Ever used a Trojan Horse in your teaching?
While there’s really not much about the Trojan War that you’d want to emulate in a classroom, the old story of the Trojan Horse can be a helpful metaphor.
Just like the sneaky Greek army, you can hide important English lessons inside something exciting that your students will want.
And there’s no need to build a giant wooden horse to pull it off.
All you need are some fun English games!
The following games are fun little English lesson Trojan horses. We’ll show you the basics of implementing them, plus tips for adapting them to your specific teaching goals.
5 Fun Games for Irresistible English Lessons
1. A Walk in His/Her Shoes
This activity is great for an elementary to intermediate level class. The game tests students’ knowledge of adjectives regarding physical appearance, verbal phrases to explain hobbies and clothing items, among other things.
For lower level classes, start with some review of vocabulary in the categories of jobs, clothing items and activities. Students can raise their hands to contribute vocabulary words as the teacher keeps lists on the board.
For higher level students, open the lesson with the question: What does it mean to “walk a mile in someone’s shoes?” With any luck a short discussion on the merits of empathy will ensue.
After the short warm up, divide the class into groups of two. Give each pair of students a picture of a pair of shoes; for example, a photo of red high heels or purple rain boots. Then, instruct the class to imagine the person who owns that pair of shoes.
They must describe this person in detail. They should use adjectives to describe the person’s physical appearance and verbs in their proper tense to describe what the person does for work and in their leisure time.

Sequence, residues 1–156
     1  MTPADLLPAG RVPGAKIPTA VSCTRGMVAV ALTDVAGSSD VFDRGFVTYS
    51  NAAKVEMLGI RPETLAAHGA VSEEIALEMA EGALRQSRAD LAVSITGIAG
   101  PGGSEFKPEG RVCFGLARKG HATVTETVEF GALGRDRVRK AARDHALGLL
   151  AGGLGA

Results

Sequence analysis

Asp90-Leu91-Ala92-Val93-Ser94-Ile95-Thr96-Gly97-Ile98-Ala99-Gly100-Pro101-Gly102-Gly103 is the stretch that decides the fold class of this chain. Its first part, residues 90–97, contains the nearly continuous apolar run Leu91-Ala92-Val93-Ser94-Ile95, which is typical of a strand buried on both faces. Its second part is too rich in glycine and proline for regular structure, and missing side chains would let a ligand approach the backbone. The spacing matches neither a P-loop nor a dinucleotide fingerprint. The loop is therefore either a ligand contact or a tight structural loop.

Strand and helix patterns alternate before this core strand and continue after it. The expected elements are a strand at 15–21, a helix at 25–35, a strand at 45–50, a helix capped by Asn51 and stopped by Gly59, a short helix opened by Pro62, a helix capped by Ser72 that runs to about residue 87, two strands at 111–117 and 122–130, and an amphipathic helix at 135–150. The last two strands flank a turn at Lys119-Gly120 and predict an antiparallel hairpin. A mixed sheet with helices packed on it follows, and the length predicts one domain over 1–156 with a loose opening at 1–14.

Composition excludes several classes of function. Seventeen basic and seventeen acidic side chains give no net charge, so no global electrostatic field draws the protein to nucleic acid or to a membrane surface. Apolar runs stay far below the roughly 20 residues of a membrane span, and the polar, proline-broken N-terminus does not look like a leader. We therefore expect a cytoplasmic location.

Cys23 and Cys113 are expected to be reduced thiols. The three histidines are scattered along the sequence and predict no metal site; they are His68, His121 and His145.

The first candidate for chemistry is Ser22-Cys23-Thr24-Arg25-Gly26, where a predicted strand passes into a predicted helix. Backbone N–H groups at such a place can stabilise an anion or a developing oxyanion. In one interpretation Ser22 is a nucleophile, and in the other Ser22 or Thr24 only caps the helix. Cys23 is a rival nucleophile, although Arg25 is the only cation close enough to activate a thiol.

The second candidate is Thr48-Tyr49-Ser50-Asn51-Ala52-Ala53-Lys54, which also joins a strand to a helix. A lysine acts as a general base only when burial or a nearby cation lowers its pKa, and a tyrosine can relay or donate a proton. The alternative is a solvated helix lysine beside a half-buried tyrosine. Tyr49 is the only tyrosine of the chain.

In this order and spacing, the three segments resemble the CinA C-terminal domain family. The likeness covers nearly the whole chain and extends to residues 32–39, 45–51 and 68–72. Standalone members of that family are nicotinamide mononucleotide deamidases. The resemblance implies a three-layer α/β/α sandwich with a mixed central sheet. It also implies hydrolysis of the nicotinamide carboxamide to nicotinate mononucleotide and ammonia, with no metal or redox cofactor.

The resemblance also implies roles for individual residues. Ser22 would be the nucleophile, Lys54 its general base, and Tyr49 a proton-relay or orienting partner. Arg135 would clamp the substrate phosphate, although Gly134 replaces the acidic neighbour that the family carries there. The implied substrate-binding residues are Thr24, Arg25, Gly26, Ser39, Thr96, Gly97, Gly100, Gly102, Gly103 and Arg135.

The students should write down a full description of the person using proper grammar and word forms.
For more advanced students and more sentence structure practice, the students can write a small story about the character they’ve imagined. Toward the end of the lesson or during the next lesson, each pair of students must present their person to the rest of the class.
Tip: Before class, prepare a list of questions the students should answer regarding their imagined person. Questions might include “Where does this person live?” or “What does this person eat for lunch?” The questions can be tailored to focus on specific vocabulary.
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2. Mad Libs
This is the ultimate parts of speech game. Teachers can buy Mad Libs books online, but they can also create their own. This game requires students to look closely at the positioning of different parts of speech and what makes up a sentence.
Each Mad Lib tells a short anecdote or story. Within the story, several of the words are missing. “Noun,” “adjective,” “name,” “adverb,” “color,” “food,” or some other part of speech or category is written under each blank space in the story. The students must fill in the missing parts of speech, which are then used to complete the story.
The fact that words get filled in before students hear any context has two benefits:
- You can first focus exclusively on parts of speech and how they’re used.
- The completed stories are bound to be funny and grab students’ attention!
Mad Libs can be done as a class with one student standing in the front of the room and asking for the missing words from his or her classmates. Once he or she writes in all the missing words he or she should read the story aloud to the class.
It can also be done in small groups of four or five students. One student in each group holds the story and asks his or her classmates for the missing words, then reads the completed story to the group. Toward the end of the lesson, encourage the groups to share their stories with the whole class.
Tip: The results are often silly. Occasionally a Mad Lib won’t make sense with the words the students chose. In this case, it’s important to have the students look at the sentence more closely and discuss why the chosen word doesn’t work.